[Audio of Alice Munro being interviewed officially by Adam Smith of NobelPrize.org. At the 3.08ish minute mark, she says that she might reconsider retirement now that she’s been given the Nobel Prize. Which would be excellent.]
News media today moves way too fast. And, whatever your views might be on the awarding of elite and, often, controversial prizes like the Nobel, there is one major benefit to all such awards. They bring, at least till the next major news cycle, talented and skilled individuals to the mainstream ambient awareness. And, for that, if nothing else, they are necessary.
So, of course, there is a deluge of articles about Munro out there now. Below is a set of some of the best links that you might consider diving into — particularly the several free stories online.
— The Guardian’s Top 10 Things To Know About Alice Munro.
— Canada’s Globe and Mail explains Alice Munro’s genius.
— If there’s just one Alice Munro interview you want to read, The Paris Review’s Art of Fiction Interview is it.
— The Booker Prize over in the UK gave their award to Munro in 2009 for Hateship, Friendship, Courtship, Loveship, Marriage (2001). Here’s a charming speech by Jane Smiley in honor of that win, delivered at Trinity College in Dublin, Ireland.
— For all things Alice Munro at CBC Radio and TV, go here.
— The New Yorker has you covered if you want to know what other writers think of Alice Munro.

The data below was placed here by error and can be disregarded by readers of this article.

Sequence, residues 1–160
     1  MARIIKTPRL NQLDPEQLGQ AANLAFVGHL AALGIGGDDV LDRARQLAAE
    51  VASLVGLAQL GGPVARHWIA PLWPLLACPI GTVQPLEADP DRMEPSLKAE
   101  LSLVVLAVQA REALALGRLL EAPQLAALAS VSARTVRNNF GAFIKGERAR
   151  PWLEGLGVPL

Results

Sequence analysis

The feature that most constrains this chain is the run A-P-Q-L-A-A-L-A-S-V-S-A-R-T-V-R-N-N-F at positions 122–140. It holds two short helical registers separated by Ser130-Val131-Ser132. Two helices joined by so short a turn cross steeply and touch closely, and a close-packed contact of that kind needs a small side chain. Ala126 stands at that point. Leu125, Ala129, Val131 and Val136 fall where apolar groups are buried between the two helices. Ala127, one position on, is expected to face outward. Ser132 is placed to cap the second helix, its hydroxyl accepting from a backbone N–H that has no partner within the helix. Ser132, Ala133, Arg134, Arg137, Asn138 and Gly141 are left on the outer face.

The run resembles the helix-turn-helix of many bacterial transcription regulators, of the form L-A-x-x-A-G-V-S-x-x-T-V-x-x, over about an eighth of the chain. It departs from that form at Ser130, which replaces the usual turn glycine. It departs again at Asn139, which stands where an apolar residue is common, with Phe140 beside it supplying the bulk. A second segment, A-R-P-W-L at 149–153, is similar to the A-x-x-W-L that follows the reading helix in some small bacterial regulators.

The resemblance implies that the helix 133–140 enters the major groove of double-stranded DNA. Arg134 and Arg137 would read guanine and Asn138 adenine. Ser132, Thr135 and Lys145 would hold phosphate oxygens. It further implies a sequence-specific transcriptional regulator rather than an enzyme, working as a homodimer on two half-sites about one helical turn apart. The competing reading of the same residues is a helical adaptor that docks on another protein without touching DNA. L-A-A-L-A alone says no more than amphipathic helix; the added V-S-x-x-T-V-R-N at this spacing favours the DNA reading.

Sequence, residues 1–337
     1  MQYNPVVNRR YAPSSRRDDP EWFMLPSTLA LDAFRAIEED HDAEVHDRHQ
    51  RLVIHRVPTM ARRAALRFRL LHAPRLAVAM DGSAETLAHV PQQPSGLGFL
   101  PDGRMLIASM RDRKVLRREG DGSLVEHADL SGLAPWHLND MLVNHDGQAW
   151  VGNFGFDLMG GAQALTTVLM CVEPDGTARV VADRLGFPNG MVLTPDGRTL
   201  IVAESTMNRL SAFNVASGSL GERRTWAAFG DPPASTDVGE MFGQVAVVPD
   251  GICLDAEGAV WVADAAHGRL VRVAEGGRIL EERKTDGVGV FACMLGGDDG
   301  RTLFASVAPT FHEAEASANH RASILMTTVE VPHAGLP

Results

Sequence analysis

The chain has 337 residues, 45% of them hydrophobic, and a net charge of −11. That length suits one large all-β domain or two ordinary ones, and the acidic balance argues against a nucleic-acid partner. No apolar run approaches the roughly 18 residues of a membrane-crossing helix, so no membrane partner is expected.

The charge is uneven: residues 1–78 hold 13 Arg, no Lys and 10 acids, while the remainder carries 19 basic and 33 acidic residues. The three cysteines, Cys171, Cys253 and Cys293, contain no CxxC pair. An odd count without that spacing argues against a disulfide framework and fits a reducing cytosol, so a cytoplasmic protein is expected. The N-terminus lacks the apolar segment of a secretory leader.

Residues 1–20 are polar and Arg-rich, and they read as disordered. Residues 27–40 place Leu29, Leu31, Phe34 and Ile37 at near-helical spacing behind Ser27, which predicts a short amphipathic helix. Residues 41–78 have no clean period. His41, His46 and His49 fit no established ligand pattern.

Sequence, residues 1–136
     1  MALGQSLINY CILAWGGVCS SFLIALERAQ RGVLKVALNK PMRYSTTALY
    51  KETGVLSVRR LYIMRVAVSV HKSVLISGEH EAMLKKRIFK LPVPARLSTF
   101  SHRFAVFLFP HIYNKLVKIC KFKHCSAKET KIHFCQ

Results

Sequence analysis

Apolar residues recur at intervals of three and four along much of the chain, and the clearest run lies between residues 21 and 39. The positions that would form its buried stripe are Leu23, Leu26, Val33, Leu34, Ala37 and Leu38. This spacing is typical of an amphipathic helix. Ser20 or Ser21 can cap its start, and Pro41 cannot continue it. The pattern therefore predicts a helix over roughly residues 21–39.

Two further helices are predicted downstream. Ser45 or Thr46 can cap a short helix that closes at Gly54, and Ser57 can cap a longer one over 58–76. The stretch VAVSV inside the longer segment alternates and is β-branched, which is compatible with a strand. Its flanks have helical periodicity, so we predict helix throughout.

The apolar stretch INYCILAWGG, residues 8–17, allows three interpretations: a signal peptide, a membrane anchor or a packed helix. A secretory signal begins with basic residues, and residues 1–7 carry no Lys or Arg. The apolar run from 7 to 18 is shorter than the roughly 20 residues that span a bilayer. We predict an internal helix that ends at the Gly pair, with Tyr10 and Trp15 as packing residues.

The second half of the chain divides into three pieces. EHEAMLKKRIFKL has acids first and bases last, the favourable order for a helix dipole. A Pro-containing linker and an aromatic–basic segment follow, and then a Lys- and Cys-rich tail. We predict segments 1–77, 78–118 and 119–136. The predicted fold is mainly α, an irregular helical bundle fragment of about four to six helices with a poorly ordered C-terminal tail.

— The Guardian again with more of what other writers think of Alice Munro (and, A S Byatt’s opening sentence of “This is the Nobel announcement that has made me happiest in the whole of my life.” says it all.) [Added Friday, Oct 11th, 2013]
— Some stories you can read for free online:
— If you need some handy-dandy guides for where to start with Munro’s works, there are several to choose from, depending on your literary inclination and mood:
- USA Today’s Alice Munro Reading List
- The Slate on Alice Munro’s Best Stories
- Flavorwire’s Beginner’s Guide to Alice Munro
- Book Riot on Getting Started With Alice Munro
- The Millions’ Beginner’s Guide to Alice Munro
— And, if you’re a movie person, try the Oscar-nominated film, Away from Her (2006), directed by Sarah Polley and based on the story “The Bear Came over the Mountain” from the collection Hateship, Friendship, Courtship, Loveship, Marriage (2001). A beautiful, poetic story of unconditional love, memory, growing old….
Let’s end with a lovely quote from Ms Munro:
A story is not like a road to follow … it’s more like a house. You go inside and stay there for a while, wandering back and forth and settling where you like and discovering how the room and corridors relate to each other, how the world outside is altered by being viewed from these windows. And you, the visitor, the reader, are altered as well by being in this enclosed space, whether it is ample and easy or full of crooked turns, or sparsely or opulently furnished. You can go back again and again, and the house, the story, always contains more than you saw the last time. It also has a sturdy sense of itself of being built out of its own necessity, not just to shelter or beguile you.
UPDATE Dec 8, 2013: Since Alice Munro was not well enough to travel to Sweden to accept her Nobel Prize, this video interview of hers was uploaded by NobelPrize.org.